The Video Assisted Referee concept is gradually worming its way into the game, having operated – badly – at the Confederations Cup last summer, in Serie A and MLS amongst other leagues, and now in selected games in the FA Cup.
From the outset, I must nail my colours to the mast and say that from day one, I’ve been against the concept. For me, goal line technology is fine, it’s a matter of fact, not interpretation nor opinion, and the results are instant, the ball is over the line or it isn’t, simple. But beyond that, to take other decisions to video technology, to watch them back again and again? That way lies insanity.
While VAR’s proponents will argue, with some justification, that it will mean more decisions are correct, the price the game will have to pay to get there is too high, like curing an outbreak of food poisoning in a Chicago cafe by nuking Illinois.
Last weekend’s FA Cup tie between Liverpool and West Brom underlined pretty much everything that is wrong about the idea, both in principle and in deed. That some were still insisting that all it needs is “a few tweaks” is merely an indication of just how susceptible we are to the promise of technology being able to solve all mankind’s ills, even the ones that don’t exist.
There’s nothing inherently awful about a mistaken refereeing decision that a healthy adult sense of perspective can’t handle. So it shouldn’t have been a goal / should have been a penalty. So what? Who died? But in this age of moral panic where we are constantly sold the pretence that everything can be fixed and that we can live on a perfect planet – have you looked out of the front door recently? – then the idea that somebody could get something wrong is apparently intolerable.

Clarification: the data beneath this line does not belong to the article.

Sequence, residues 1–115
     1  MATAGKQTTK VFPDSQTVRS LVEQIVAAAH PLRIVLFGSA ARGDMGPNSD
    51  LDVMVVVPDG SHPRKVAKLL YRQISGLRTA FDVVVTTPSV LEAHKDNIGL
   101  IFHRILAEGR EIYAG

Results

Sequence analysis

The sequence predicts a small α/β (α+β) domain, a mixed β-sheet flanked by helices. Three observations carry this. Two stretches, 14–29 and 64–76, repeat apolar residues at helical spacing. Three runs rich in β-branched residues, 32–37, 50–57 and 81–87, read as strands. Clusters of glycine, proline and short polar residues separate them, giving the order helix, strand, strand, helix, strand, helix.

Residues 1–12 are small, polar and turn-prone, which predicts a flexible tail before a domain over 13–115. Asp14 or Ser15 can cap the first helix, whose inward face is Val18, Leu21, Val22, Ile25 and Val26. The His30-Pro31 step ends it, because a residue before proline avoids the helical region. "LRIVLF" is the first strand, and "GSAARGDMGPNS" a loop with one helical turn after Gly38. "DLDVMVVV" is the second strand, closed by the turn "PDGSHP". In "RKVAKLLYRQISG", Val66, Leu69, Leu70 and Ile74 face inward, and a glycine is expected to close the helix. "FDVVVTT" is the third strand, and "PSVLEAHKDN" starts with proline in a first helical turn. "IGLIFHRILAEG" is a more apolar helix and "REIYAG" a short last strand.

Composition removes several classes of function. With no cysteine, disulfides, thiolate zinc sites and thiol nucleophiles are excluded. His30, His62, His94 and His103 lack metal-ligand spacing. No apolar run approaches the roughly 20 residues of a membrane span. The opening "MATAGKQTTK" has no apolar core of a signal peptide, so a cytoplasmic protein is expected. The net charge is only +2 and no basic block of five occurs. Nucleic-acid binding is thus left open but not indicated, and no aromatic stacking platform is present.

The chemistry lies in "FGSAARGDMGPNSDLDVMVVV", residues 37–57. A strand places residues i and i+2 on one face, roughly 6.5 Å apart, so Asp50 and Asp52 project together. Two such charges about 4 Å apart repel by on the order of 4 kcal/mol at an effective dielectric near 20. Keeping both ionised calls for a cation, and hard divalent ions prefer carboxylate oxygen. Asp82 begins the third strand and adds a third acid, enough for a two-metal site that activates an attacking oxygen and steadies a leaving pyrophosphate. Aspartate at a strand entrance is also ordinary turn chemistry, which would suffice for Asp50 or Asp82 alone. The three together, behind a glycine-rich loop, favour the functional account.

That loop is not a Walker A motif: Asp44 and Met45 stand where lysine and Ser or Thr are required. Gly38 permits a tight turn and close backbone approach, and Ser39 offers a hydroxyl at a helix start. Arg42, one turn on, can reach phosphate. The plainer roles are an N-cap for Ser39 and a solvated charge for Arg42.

It is, of course, the exact opposite, particularly in the sporting arena which is a supposedly safe haven where we can act out some of our baser emotions without real consequences – “war without the shooting”, as Orwell had it. When things go wrong in sport, it gives us an opportunity to learn how to handle such setbacks. We say that kids learn best through play and so it might be that adults develop best through sport.
This drive for perfection is trying to remove sport’s great ethos, that it builds character, it presents you with Kipling’s two impostors, triumph and disaster and asks if you can handle both. Further than that, it asks you to be graceful in the face of injustice at times which is as important a life skill as you can get because going through a normal day, you’re going to face dozens of them between getting up and going to bed.
Are we going to have VAR to get you back the sales deal you just lost to the company that handed out a better bribe? Or to get you on the bus that should have stopped for you but didn’t? Life’s hard, then you die. Sport helps you work on your coping mechanisms, it builds character, ethical behaviour at its best. Should we toss all that away?
If that argument against it doesn’t float your boat, what about the fact that it makes no logical sense on pretty well any level? In the FA Cup for instance, most games aren’t covered by VAR. On Saturday night, Liverpool got a penalty that the ref missed. Somewhere in the course of the same competition, maybe the same round, another team playing a VARless fixture will have been denied the same penalty and will have gone out of the cup as a result. There goes the integrity of the competition, the playing field completely skewed.